Entire country under Code Yellow storm warning on warmest-ever Feb. 16; Few travel issues in a.m.
The Netherlands was placed on a Code Yellow weather alert due to high winds brought by winter storm Dennis. The Code Yellow warning took effect overnight along the northern coast, and covered the whole country from 8 a.m. on Sunday.
Gusts of wind on the northern Wadden Islands peaked at 120 kilometers per hour overnight, according to NU.nl. Sustained winds at that speed would equate to a low-level Category 1 hurricane. Winds were likely to gust up to 100 kilometers per hour along most of the Dutch coast, and about 90 km/h inland.
It is expected to last through the middle of the afternoon in the northwestern Netherlands, and could have a duration through 10 p.m. in the southern and southeastern provinces. The rest of the country will see the storm warning expire between 6 p.m. and 8 p.m., according to meteorological agency KNMI.
Though the winds will decrease, strong gusts are still likely overnight and into Monday. The storm could bring thunderstorms first in the western part of the Netherlands in the afternoon, with the foul weather headed from west to east. Hail is possible, and gusts could hit 75 kilometers per hour. The midday temperature is likely to be between seven and ten degrees.
Dennis was likely to remain less turbulent than storm Ciara, which fiercely struck the Netherlands last week. The effects of Ciara lingered for several days, causing well over 150 million euros in damages. Though the Netherlands had advanced warning of the storm, it was reportedly stronger than expected.
On Sunday, Dennis brought with it a record-breaking temperature of 13.8 degrees, breaking the high temperature mark set last year, according to weather website Weerplaza. The high temperature on Sunday could hit 16 degrees, denoting the year's first official spring day where temperatures rise above 15 degrees, KNMI said.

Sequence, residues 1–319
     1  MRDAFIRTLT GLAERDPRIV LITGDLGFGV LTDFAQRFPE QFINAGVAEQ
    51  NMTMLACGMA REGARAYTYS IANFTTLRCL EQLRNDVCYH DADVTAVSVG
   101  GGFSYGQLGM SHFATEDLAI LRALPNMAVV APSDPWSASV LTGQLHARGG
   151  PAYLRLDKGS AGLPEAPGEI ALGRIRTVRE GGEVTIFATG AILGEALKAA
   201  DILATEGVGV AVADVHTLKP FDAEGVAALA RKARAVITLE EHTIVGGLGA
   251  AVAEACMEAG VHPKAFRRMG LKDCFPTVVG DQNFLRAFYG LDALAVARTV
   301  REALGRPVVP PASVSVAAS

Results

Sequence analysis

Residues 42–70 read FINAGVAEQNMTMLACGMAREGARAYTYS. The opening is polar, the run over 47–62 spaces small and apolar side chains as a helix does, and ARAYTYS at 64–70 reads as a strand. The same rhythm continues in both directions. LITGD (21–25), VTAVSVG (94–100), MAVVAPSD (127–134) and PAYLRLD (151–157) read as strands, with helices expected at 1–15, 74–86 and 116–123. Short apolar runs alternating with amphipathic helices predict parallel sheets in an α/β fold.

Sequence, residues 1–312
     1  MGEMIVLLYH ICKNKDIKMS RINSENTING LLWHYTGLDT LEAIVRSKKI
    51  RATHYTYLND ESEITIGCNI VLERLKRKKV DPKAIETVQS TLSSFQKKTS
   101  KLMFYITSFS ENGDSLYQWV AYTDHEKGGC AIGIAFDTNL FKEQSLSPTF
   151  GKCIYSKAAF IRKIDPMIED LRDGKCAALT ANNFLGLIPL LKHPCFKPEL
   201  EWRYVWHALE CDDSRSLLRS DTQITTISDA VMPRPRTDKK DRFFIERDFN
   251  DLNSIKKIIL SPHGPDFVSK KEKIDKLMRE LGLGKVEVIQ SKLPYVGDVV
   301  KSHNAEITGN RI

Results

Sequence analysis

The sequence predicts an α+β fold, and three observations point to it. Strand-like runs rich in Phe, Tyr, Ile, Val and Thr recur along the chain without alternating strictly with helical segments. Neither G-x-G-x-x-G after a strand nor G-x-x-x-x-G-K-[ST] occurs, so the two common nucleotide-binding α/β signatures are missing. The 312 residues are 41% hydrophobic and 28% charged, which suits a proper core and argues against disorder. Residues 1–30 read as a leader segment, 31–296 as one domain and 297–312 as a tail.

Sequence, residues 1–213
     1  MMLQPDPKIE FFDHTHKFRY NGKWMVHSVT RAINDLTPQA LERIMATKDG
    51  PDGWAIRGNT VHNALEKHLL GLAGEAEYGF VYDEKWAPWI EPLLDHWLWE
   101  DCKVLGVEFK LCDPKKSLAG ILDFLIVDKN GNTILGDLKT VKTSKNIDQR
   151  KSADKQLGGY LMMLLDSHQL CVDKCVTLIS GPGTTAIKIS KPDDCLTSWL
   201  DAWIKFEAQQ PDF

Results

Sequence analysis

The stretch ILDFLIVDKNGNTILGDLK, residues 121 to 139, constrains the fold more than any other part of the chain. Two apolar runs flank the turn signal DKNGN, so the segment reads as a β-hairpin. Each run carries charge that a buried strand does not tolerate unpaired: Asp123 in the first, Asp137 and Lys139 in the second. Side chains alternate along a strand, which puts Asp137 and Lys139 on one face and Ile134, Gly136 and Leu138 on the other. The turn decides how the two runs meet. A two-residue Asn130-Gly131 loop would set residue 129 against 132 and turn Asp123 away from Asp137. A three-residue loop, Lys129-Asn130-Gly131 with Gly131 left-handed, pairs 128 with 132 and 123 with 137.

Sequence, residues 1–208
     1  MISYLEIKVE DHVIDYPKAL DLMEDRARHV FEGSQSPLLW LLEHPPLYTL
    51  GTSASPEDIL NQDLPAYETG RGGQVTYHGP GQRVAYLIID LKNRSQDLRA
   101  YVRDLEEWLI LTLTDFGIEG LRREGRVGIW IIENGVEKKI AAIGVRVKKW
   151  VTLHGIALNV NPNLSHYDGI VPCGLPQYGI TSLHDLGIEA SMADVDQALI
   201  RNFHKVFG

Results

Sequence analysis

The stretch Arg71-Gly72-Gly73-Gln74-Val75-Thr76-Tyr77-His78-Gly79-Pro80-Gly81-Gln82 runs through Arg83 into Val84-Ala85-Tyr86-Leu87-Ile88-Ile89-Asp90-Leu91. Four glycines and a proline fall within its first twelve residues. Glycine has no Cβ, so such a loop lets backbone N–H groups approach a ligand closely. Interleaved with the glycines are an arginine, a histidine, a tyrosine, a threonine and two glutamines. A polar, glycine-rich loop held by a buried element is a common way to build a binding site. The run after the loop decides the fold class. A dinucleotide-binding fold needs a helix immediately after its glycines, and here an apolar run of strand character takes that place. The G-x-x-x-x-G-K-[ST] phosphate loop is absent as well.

At Schiphol Airport, airlines cancelled six outgoing and six inbound flights. Another 35 flights faced delays ranging from a few minutes to a few hours, with most of the affected flights scheduled for the morning, according to the airport's website. There were no cancellations and only a handful of delays at the airport in Eindhoven by 9 a.m., and operations were mostly normal at Rotterdam The Hague Airport, and the airports in Groningen and Maastricht, according to their websites.
Travel association ANWB warned of "heavy gusts of wind occurring along the coast," in a message to their driving members. "It is wise to keep a bit more distance during strong winds and to adjust speed in order to better anticipate unexpected situations or obstacles on the road. Be careful especially on bridges, dikes and open plains."
There were no major traffic jams reported at 9 a.m. on Sunday
Damage to overhead electric cables was affecting train service on the international route between Maastricht, Heerlen, and Aachen, Germany. The problems were expected to continue throughout the morning, with a temporary bus route established to help relieve passenger problems. A defective train was also affecting rail service between Lelystad and Zwolle on Sunday morning.